Tiffany is going to demonstrate how to create an inspiring brand that tells your strategic story through Brand Strategy and Planning.
Why this topic? Your competitors are making the same claims and promises as you. They are even using the same words. Brands that are built on “who you are” and “what you do” do not result in above average revenue growth. Your brand impacts revenue growth when it gets activated by the sales force and becomes uniquely relevant to your customer and prospects.
Most buyers are researching and building a consideration set without speaking with the sellers.
Watch as Tiffany describes her company's brand approach. Listen closely as she articulates a brand that has a crisp emotional connection to the audience. Tiffany describes the process and steps to develop the brand story.
Tiffany shares, "The art of storytelling is what enables brands to grow and win by setting themselves apart. When you develop that discipline and integrate all the way through the funnel to the customer experience, then you have an incredibly sticky experience."
Thu, 4 January 2018
Did you set the quotas right to drive revenue growth? The purpose of today's show is to demonstrate how to link the company objectives to sales targets through quota setting. Leverage this use-case to evaluate how you set your quotas. John has a proven record of accomplishment of increasing profitable recurring revenues faster than his industry and his competitors in a crowded SaaS market.
Our guest today is John Young, the SVP of Global Sales at NetFortris. vJohn is uniquely qualified to speak on this topic with proven experience in quota setting to guide his sales team’s revenue attainment. Watch as John demonstrates how to link the company objectives to sales rep targets through quota setting.
Why this topic? A company’s revenue goal needs to be intelligently allocated to divisions, regions, districts, territories, and sales reps. Unfortunately, it rarely is. Quota attainment, a metric tracked by most sales teams, often lies to executives. Reps who make quota do so because their quota expectation was based on the potential of a sales territory. Reps who miss quota do so because their quota expectation was not based on the potential of the assigned sales territory.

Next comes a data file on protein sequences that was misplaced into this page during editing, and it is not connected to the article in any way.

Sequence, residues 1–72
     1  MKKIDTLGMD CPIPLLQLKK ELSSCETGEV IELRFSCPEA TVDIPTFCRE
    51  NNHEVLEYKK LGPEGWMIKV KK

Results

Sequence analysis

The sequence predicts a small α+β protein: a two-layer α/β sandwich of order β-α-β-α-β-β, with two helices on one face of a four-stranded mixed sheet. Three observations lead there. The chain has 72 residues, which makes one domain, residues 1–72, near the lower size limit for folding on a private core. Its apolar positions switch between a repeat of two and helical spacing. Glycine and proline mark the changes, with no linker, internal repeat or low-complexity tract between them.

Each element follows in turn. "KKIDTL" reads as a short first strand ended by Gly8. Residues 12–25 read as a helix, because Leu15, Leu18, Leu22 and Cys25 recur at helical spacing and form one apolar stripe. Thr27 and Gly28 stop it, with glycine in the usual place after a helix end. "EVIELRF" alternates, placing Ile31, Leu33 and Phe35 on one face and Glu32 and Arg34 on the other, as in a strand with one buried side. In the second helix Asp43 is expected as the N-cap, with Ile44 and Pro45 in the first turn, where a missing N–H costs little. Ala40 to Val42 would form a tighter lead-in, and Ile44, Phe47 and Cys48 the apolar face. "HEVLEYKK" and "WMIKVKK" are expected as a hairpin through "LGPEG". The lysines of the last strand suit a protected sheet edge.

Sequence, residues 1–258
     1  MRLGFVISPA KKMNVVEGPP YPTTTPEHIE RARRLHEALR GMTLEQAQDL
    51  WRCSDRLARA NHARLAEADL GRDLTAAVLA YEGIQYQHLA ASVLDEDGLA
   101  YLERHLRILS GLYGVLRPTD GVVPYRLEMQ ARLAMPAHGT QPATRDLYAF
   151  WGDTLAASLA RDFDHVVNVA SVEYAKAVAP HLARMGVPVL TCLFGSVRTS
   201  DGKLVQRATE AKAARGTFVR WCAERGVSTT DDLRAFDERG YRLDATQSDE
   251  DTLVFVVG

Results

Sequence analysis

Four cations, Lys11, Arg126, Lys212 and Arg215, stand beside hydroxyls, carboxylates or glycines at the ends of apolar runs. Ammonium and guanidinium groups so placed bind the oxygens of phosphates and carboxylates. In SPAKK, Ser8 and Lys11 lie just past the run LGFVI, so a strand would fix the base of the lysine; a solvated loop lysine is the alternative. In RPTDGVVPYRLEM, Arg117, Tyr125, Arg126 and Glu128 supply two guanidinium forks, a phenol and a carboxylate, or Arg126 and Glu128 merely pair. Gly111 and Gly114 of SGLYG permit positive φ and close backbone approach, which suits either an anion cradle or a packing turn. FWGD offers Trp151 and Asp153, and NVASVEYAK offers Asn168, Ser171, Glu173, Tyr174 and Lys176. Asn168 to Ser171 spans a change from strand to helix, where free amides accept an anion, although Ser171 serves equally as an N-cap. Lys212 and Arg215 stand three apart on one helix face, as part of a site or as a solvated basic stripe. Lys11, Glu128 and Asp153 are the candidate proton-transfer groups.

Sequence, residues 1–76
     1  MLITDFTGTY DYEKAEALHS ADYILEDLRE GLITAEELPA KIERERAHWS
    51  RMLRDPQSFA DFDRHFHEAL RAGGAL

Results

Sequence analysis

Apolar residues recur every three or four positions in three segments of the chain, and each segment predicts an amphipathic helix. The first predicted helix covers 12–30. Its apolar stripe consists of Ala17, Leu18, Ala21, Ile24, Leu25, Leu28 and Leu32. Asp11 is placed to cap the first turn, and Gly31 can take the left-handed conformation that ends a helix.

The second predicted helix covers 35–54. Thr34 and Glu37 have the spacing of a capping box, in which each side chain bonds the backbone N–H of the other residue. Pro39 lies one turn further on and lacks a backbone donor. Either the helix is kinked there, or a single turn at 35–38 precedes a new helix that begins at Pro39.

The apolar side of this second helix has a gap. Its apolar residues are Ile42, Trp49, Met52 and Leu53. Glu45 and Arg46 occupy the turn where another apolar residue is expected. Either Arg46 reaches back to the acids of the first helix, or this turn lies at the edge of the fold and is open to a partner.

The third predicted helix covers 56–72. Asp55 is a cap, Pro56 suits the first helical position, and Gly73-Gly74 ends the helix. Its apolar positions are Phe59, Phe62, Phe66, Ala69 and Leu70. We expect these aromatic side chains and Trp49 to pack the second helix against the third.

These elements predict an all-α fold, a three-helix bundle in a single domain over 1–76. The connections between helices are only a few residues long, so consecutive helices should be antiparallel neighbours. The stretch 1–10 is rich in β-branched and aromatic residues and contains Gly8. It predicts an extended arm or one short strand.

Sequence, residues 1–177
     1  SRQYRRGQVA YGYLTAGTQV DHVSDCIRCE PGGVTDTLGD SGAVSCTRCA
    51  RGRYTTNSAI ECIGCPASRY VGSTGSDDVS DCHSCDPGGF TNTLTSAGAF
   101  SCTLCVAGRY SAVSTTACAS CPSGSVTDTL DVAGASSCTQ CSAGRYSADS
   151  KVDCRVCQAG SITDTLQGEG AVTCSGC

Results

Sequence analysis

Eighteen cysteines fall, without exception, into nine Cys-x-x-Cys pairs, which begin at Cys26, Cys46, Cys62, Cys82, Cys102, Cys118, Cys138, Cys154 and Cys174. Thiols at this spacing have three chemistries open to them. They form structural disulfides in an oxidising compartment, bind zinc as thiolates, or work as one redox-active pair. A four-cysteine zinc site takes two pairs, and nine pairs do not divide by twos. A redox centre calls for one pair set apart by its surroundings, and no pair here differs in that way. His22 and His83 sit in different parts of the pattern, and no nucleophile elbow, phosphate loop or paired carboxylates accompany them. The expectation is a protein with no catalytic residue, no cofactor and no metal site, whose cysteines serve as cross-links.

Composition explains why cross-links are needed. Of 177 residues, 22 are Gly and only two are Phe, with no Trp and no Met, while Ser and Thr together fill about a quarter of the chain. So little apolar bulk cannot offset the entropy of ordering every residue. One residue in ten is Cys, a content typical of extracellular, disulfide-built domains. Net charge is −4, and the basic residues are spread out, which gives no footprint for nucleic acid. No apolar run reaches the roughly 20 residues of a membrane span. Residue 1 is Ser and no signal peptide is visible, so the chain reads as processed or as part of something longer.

In the first segment of the program John shares the process for quota setting, and how to link the company objectives to the individual sale rep revenue goals. The peanut butter spread approach is replaced with an intelligently allocated goal setting to achieve the company’s revenue goals across the sales team.
Listen as John describes (10:53) the qualitative and quantitative inputs required to accurately assign quotas. John explains how to intelligently prioritize based on spend potential and a propensity to buy formulas play into your quota setting.
We wrap up the show (18:32) by discussing how to gain buy-in internally with the sales reps and at the executive level for the quota plan. This involves also having a clear workload capacity model built indicating how many live deals, accounts, and prospects a sales rep can handle. [p]